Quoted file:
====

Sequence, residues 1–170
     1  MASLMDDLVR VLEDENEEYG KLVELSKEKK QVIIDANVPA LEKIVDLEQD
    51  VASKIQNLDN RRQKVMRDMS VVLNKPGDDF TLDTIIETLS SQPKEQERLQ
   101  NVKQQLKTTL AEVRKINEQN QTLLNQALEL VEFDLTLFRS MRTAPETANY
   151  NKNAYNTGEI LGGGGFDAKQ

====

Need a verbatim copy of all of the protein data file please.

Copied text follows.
Sequence, residues 1–170
     1  MASLMDDLVR VLEDENEEYG KLVELSKEKK QVIIDANVPA LEKIVDLEQD
    51  VASKIQNLDN RRQKVMRDMS VVLNKPGDDF TLDTIIETLS SQPKEQERLQ
   101  NVKQQLKTTL AEVRKINEQN QTLLNQALEL VEFDLTLFRS MRTAPETANY
   151  NKNAYNTGEI LGGGGFDAKQ